Cars have been handling some of the driving for us since at least the year 2,000. Then, select models offered self-driving features like blind spot detection and a forward collision warning. As time went by auto makers added features like automatic emergency braking and lane centering assist. Now some cars can literally drive themselves with minimal assistance from human drivers.
Since most car crashes are attributed to human error, logic suggests taking humans out of the equation will make driving safer. Cars don’t get fatigue, experience road rage, drive drunk or get distracted by text messages.
The problem is, self-driving technology is still in the early stages. Machines don’t actually make decisions, they follow their programming. And accidents have occurred when drivers were relying on self-driving features to keep them safe. So what happens if you’re trusting your vehicle’s technology for some of the driving and a crash occurs? Or, what if another driver turns control over to their Tesla and you get hit? Who is liable in a self-driving car accident?
Self-Driving Car Accident Examples
There have already been crashes that resulted in fatalities. In 2016, 45-year-old Florida driver Joshua Brown was using the auto pilot feature on his Tesla Model S when a tractor-trailer turned left in front of him. The car went under the trailer, killing Brown. NTSB released a 500 page report of the investigation that states the Tesla audibly warned Brown six times to take control of the wheel, and he received seven visual warnings on the dash. A federal investigation eventually closed without finding a defect or need for recall with Tesla.
Then in 2019, 50-year-old Jeremy Banner died in a similar accident. Just seconds after he turned on auto-pilot, his Tesla Model 3 crossed paths with a combination vehicle, shearing off the Tesla’s roof and killing Banner. The family has filed a wrongful death lawsuit.
In another unsettling case, a self-driving Uber SUV crashed into and killed a pedestrian in Arizona. The investigation found evidence the pedestrian might have been at fault, because she was jaywalking and stepped into the vehicle’s path from out of the shadows. There were other issues at play, though, since the Volvo XC90 wasn’t programmed to recognize pedestrians outside of crosswalks and Uber shut off the car’s automatic emergency braking feature to keep from interfering with its self-driving testing.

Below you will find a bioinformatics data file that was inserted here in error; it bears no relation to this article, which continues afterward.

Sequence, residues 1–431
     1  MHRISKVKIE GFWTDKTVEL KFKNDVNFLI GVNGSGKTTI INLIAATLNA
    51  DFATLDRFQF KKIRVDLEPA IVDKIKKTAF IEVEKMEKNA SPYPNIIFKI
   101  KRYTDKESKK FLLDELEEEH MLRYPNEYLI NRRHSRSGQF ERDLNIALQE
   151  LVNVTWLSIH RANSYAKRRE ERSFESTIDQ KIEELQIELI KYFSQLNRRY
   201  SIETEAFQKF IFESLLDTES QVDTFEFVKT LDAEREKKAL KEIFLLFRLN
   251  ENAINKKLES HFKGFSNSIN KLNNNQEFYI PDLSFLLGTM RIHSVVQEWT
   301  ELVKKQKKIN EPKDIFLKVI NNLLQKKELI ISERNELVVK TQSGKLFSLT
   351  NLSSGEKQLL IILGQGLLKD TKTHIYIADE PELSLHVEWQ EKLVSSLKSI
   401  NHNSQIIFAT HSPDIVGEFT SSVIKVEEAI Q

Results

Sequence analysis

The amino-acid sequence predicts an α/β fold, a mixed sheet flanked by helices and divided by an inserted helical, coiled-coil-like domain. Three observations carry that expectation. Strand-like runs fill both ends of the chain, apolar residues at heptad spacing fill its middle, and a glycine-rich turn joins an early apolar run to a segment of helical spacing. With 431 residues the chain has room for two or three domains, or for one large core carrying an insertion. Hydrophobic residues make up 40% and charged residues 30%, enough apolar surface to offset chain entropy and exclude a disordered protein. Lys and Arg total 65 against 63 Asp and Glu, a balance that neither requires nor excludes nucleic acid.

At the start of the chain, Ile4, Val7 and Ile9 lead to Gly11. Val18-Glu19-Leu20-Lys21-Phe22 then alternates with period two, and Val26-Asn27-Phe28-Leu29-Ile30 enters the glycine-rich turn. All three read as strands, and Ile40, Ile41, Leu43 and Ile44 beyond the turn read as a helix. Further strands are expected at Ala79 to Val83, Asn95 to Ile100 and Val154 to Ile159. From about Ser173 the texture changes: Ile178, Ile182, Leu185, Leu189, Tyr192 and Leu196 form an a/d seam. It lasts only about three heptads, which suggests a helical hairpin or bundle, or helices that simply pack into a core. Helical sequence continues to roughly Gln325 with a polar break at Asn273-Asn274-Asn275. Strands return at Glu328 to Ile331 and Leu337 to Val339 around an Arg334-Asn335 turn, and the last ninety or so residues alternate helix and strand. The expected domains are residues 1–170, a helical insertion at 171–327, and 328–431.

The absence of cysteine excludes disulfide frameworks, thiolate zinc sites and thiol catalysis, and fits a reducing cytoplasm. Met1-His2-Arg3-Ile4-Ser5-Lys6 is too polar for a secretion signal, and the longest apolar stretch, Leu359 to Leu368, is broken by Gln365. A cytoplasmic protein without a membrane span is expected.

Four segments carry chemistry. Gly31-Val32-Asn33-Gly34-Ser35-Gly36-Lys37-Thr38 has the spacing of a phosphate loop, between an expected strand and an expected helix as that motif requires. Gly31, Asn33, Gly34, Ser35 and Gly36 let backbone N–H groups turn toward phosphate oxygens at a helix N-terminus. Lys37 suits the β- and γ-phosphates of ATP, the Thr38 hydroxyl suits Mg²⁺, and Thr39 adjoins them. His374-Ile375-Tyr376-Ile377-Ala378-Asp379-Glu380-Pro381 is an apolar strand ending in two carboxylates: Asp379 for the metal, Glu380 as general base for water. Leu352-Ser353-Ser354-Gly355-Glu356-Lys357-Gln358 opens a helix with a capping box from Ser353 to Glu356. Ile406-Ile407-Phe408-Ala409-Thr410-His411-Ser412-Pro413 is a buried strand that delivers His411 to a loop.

Human Error Still Occurs
One problem researchers have discovered occurs during the handoff between driver and vehicle. Stanford found drivers often over-correct or under-correct when they switch off auto-pilot, especially if the road conditions are different than they were when they turned driving over to their vehicle. Subtle changes drivers are used to feeling during driving aren’t present when they let go of the wheel, making it more likely they’ll wobble or miss a turn.
So Who is At Fault in Self-Driving Car Accidents?
This is a relatively new issue that will continue to evolve with technology and its interaction with humans. Like with most car accidents, there’s usually more than one factor involved. In each case, investigators are going start by asking the following questions:
- Was the vehicle doing what it was programmed to do?
- Did that programming include extensive safety protocols?
- Were there malfunctioning components?
- What was the driver doing or not doing before the accident?
- If another vehicle was involved, how did that driver contribute?
If you or someone you love became injured in a self-driving car accident, whether you were the driver or the person struck, we can help you understand your rights. Schedule your free consultation today.